Sure the law doesn’t provide for the poor to dwell and sleep on the road and footpath but the law also doesn’t permit any rich and celebrity for the rash and drunk driving or driving without a license. While some poor and homeless are compelled to sleep on the pavements mainly during the night, it is not considered crime under the eyes of the law. On the other hand, rash or drunk driving and driving without a valid license fall under the criminal offences punishable under the law. While in India due to celebrity culture and other loopholes, there may be very few instances where rich and celebrity have been prosecuted or punished by law for these offences, one can find a long list of celebrities in countries like United States who have been prosecuted and punished including jail terms for such offences. To name a few in United States, celebrities like Paris Hilton, Lindsay Lohan, Robert Downey Jr, Justin Bieber, Mel Gibson, Mike Tyson, Nicole Richie, Reese Witherspoon, Nick Carter and many others have been prosecuted and punished at various points of time and place for similar offenses. Obviously, they were brought to book because they didn’t receive any special consideration or priority before law due to their massive wealth or celebrity status.
What needs to be remembered by all is that the law of the land is the law for all citizens irrespective of their status and everybody should be treated at par before law. Reportedly, there are thousands of undertrails languishing in jails without hearing and cases pending before judiciary for years, including the judge who heard this case, because neither they have the resources to furnish bail bonds nor they can afford the services of the top lawyers to move and fight their cases. This particular instance once again raises eye brows reminding that this is high time for the country to review its judicial system to bring in much and long needed reforms.
This also reminds me of having read a report sometime back about the commitment and hard work of a Maharashtra police officer in this case. It would be unfair if we do not acknowledge the exemplary commitment and good job done by an assistant police inspector Dinesh Patkar. Reportedly, Patkar and his men were responsible for tracing majority missing documents (56 out of 63) in the case which otherwise perhaps would have imploded and closed way back. These papers included statements of witnesses, panchnama, and the station diary entry of Bandra police station, crucial as evidence to sustain and substantiate charges against the accused.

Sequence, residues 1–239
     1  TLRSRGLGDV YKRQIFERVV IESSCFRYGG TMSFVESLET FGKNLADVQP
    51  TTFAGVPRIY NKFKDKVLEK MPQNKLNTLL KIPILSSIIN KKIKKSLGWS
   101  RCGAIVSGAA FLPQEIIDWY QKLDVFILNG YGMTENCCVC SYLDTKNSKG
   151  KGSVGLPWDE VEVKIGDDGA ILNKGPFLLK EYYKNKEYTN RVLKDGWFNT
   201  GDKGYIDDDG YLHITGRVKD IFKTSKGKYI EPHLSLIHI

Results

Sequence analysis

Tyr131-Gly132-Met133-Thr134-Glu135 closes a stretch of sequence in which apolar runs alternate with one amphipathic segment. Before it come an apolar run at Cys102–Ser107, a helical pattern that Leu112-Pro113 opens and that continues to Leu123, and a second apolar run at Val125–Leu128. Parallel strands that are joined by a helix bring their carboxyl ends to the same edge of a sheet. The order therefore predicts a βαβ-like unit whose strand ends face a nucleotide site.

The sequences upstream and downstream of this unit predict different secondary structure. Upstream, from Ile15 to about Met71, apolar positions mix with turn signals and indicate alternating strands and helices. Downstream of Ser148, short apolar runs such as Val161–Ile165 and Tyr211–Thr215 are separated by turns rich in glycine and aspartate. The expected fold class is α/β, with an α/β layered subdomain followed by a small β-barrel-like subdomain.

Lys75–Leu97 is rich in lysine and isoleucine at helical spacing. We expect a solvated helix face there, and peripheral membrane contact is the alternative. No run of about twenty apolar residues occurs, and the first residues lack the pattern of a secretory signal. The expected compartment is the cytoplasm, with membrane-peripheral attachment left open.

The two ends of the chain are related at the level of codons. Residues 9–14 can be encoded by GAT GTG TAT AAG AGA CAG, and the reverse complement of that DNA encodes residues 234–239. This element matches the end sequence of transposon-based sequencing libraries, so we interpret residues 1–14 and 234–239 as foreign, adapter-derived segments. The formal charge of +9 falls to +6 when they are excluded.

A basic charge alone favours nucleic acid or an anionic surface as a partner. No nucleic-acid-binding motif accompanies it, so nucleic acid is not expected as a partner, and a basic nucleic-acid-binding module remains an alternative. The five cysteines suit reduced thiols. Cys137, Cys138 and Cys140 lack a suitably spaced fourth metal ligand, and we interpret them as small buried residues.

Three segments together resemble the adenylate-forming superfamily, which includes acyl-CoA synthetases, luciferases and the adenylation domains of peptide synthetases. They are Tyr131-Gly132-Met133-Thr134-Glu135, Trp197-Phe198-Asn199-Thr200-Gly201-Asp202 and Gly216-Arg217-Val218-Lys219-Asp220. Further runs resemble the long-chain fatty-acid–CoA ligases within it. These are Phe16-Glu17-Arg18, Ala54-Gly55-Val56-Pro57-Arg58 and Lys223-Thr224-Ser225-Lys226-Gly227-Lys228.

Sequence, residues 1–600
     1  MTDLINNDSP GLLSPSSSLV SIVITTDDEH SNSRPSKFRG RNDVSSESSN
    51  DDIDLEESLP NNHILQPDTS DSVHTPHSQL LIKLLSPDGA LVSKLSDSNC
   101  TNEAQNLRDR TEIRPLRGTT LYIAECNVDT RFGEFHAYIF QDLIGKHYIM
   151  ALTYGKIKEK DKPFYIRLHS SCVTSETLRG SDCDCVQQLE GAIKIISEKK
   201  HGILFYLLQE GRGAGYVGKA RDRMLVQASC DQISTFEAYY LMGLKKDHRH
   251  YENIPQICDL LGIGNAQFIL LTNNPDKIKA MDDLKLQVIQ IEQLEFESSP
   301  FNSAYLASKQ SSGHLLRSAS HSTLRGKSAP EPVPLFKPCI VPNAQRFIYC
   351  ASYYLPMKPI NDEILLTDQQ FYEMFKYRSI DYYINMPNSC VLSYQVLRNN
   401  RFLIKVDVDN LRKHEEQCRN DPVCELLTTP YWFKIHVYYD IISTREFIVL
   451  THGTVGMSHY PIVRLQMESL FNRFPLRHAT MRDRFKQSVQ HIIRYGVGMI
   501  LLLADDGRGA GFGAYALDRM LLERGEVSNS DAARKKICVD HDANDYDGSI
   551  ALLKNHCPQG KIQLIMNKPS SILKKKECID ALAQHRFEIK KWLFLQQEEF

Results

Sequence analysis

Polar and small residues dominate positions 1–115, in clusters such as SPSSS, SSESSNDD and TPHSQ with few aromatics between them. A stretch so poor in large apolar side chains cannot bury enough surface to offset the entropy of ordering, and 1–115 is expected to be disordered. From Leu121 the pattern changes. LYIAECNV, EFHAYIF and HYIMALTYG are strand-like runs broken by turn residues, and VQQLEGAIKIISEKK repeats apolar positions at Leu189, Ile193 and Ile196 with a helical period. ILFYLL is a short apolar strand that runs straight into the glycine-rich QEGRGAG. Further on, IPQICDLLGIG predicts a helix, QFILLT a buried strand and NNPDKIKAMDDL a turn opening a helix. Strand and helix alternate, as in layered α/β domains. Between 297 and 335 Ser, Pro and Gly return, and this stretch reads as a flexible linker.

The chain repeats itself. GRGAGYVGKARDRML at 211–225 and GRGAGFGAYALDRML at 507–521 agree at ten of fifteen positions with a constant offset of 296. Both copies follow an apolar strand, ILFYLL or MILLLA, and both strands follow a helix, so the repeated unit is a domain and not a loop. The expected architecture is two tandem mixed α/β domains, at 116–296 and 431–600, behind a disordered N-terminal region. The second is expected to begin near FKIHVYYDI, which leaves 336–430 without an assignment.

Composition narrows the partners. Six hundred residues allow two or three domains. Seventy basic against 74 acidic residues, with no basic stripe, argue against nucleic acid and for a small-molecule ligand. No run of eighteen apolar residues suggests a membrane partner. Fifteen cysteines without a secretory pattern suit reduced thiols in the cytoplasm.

The country for sure needs many more Patkars in the police force who do their job quietly and dutifully to bring wrong-doers to book with hardly any incentive other than meager sum received in the form of salary at the end of a month. While people are enticed and charmed with reel heroes with huge fans-following, the men like Patkar are, in fact, real heroes in the society diligently doing their duty without expecting much of the recognition or return.
It is interesting, and sometimes amusing too, to observe that people or for that matter society at large perceive and respond so differently depending upon who has committed a crime, circumstances under which it has been committed and even in calibration of the quantum of punishment.
I have come across people who acknowledge the crime committed by the actor but extraneous considerations and arguments are put forth to undermine the seriousness of the offence. For illustration, they will state he is a nice person who has done a lot of charity and humanitarian work; poor and homeless people should not sleep on the road; too much delay in arriving at the judgment already tantamount to punishment to the actor in the form of mental agony and harassment; that the actor is targeted due to his star status while others have been spared with much lighter punishment in similar offences, and so on and so forth.
People having a contrary view hold the opinion that the justice is blind and it doesn’t see or care who is involved. Whether the actor is a good human being, is immaterial in the case or if somebody got away with lesser punishment, is of no consequence in the matter when it is proved that he has committed an offence.
Irrespective of arguments in support or contrary to this case, what should be remembered and upheld by any conscientious person is that the law is same for everyone and need of the time is an effective legal and judicial system which is context-neutral and only functions objectively to uphold the justice and social order.